Compound tibia/fibula fracture not healinggreenspun.com : LUSENET : About Joints : One Thread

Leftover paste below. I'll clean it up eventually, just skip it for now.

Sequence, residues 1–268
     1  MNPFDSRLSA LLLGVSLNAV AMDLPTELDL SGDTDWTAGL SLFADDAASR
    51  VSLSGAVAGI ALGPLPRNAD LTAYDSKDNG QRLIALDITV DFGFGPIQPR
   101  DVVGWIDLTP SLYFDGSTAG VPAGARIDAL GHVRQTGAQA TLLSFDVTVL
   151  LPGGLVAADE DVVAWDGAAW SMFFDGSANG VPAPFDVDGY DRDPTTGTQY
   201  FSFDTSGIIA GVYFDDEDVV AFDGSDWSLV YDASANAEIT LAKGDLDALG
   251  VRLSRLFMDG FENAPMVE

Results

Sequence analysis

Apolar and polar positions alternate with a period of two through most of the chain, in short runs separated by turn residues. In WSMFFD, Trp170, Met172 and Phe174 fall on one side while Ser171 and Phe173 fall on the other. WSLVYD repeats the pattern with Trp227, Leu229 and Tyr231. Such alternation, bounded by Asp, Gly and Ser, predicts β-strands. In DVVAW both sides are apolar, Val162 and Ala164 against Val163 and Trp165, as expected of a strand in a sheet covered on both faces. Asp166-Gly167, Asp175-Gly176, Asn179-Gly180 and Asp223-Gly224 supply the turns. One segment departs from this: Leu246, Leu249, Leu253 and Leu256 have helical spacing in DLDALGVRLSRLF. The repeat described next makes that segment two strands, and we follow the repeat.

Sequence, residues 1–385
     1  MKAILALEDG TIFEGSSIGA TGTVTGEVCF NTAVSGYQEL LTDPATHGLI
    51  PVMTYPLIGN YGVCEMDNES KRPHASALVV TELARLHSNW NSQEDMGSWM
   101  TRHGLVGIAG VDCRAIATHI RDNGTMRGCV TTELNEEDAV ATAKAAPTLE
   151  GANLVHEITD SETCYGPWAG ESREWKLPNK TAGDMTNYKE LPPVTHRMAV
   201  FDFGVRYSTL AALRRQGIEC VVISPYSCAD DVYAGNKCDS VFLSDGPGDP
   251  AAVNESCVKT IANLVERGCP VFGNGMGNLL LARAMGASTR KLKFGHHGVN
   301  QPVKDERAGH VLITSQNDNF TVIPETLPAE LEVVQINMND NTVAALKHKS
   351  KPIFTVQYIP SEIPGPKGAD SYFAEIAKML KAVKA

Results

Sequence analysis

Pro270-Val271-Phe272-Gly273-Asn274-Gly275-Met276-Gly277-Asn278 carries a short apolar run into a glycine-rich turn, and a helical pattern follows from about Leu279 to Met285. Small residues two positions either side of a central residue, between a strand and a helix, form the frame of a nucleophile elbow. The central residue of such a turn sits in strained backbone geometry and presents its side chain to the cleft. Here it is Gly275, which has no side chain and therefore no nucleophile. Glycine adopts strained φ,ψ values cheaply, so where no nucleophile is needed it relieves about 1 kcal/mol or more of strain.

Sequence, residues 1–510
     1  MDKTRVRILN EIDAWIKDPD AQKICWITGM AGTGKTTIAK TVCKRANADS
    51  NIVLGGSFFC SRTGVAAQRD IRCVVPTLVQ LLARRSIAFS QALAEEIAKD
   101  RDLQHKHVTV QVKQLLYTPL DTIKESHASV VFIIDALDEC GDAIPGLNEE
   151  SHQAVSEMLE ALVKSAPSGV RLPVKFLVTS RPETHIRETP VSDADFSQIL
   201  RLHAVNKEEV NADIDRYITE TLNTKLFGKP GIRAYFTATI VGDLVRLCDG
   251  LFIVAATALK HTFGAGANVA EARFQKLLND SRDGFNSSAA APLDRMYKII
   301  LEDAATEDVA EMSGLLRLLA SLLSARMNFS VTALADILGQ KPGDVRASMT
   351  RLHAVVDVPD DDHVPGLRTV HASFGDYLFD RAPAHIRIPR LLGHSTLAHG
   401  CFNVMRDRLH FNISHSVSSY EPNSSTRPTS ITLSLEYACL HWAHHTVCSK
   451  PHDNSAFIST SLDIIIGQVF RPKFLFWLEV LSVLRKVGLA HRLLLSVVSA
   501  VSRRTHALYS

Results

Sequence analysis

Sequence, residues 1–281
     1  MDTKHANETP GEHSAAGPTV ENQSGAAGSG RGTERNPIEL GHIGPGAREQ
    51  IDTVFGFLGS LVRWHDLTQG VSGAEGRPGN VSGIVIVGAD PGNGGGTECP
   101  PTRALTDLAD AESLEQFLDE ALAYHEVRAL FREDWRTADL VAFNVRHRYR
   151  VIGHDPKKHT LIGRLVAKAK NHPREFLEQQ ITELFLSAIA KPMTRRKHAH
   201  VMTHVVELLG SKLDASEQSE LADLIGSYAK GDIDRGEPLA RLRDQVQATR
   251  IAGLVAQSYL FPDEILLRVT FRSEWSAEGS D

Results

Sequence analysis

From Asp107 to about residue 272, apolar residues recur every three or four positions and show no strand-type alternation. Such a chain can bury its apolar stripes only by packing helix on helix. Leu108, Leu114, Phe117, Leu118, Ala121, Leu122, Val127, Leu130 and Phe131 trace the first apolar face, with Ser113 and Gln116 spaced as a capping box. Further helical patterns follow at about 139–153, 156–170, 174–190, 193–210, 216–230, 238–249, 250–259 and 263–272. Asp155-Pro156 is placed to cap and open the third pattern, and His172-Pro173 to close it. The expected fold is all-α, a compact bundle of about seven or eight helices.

Hello, I was seriously injured in a car wreck on December 15, 2003. I was hit head on by a drunk driver and I got airlifted to a hospital about 40 miles away. I was in ICU for 4 days. I recovered from most of my injuries except for my right leg. I had a compound tibia/fibula fracture. My bone splintered apart. I had bone 10 - 15 bone fragments in surrounding tissues in my leg. The tibia came out of my leg about 6 inches. They did emergency surgery on my leg where they implanted a IM Rod and several nails. I wasn't able to walk on it for the first 2 months. After that I was able to start some weight bearing. I started getting around a lot better with crutches. Then in July of 2004 I was able to walk with just a cane. The only problem was the tibia would not heal at the fracture sight and my nails were working their way out of my IM Rod. So on September 24, 2004 I went back into the hospital for another surgery. At that time they removed the rod and replaced it with a larger one along with larger nails. While they had my leg opened they compressed the bone together at the fracture sight as good as they could get it and they also cut my fibula where all the blood flow would go through my tibia with hopes that it would heal. Well now it's been 4 months since that surgery and the fracture sight doesn't look any better than it did before this last surgery. I still have a gap where the bone fractured and came out of my leg. Now my Surgeon is talking about taking the last resort which would be bone grafting. Has anyone here ever been through bone grafting? I've tried everything. I use a bone stimulator 2 times a day, I take plenty of calcium and vitamins, I walk as much as I can, but the pain gets very unbearable after about 1/2 mile of walking. I hate going through anymore surgeries. I told my surgeon I would not go through anymore until I graduate college which will be in March. I just need to know if bone grafting is a bad as it sounds. He said he would take the bone from my hip to use in my leg. It's been over a year now and I hate to keep going backwards instead of forwards.